Date of Submission
Doctor of Philosophy in International Conflict Management (Ph.D. INCM)
Sherrill W. Hayes, PhD
Volker Franke, PhD
Heather Pincock, PhD
Spoma Jovanovic, PhD
Local refugee resettlement sites are often overlooked as hotspots of conflict because of the unstated assumption that resettlement and escape from militarized conflict automatically mean peace. However, refugees are resettled in local communities into which old conflicts are imported, and where new ones emerge as refugees and locals need to find ways of coexisting despite cultural differences. This research was developed in response to calls by the US Office of Refugee Resettlement and the US Senate Committee on Foreign Relations for grassroots-level data on the challenges faced by residents of resettlement communities and for the development of strategies for promoting intercultural understanding.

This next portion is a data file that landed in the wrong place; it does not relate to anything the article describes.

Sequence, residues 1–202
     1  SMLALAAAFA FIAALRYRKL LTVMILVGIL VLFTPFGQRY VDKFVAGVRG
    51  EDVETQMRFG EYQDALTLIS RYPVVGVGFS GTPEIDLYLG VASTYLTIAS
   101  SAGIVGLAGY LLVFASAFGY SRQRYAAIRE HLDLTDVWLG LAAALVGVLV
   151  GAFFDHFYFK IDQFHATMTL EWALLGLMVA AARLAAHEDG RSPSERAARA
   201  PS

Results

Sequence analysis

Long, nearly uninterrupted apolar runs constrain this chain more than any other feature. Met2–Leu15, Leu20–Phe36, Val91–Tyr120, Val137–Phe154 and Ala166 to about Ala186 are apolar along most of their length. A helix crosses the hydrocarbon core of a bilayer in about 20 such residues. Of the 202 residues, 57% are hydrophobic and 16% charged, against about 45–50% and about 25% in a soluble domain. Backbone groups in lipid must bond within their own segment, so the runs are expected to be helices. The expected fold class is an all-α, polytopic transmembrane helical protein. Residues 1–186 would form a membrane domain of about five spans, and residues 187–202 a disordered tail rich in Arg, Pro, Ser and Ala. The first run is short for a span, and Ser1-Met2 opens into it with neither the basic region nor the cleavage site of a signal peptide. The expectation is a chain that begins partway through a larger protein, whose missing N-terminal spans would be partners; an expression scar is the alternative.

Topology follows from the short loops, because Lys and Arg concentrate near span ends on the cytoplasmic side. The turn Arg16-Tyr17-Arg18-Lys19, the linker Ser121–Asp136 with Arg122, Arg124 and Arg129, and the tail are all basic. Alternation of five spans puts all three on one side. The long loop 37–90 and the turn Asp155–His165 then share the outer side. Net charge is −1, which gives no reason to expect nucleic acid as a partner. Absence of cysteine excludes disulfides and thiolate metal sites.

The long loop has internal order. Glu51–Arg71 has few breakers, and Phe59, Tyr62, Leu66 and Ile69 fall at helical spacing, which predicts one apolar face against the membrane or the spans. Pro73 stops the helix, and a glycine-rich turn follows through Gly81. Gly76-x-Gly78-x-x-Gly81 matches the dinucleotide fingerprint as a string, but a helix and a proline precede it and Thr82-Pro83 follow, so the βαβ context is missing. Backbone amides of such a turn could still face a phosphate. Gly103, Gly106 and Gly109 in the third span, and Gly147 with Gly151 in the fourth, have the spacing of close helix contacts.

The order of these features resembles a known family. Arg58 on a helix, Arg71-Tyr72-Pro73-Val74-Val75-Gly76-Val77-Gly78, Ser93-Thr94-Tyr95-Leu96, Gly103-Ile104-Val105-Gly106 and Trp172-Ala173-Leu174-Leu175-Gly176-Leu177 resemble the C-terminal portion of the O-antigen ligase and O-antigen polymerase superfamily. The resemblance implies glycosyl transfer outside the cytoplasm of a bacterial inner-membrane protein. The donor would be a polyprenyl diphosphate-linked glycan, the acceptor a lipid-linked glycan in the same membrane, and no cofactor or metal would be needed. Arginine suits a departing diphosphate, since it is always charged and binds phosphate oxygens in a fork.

This dissertation delineates the development of the Comprehensive Conflict Engagement Model, based on which the image- and dialogue-based Photovoice methodology was modified and applied as a practical conflict intervention. This work bridges the gap between conflict theory and practice by collecting bottom-up information about the dynamics that shape people’s lives in Clarkston, a refugee resettlement hub in Georgia, and exploring the utility of the CCEM applied through Photovoice as a comprehensive conflict engagement strategy that concurrently targets the internal, relational, and structural bases of conflict.
The results suggest that the participants were generally satisfied with aspects of their environment on which they had an impact and dissatisfied when they were impacted uni-directionally, without reciprocal relationships and the power to actively shape their experiences. The results further demonstrate that a CCEM-based adaptation of Photovoice is a suitable comprehensive conflict engagement strategy for practitioners operating at the community level.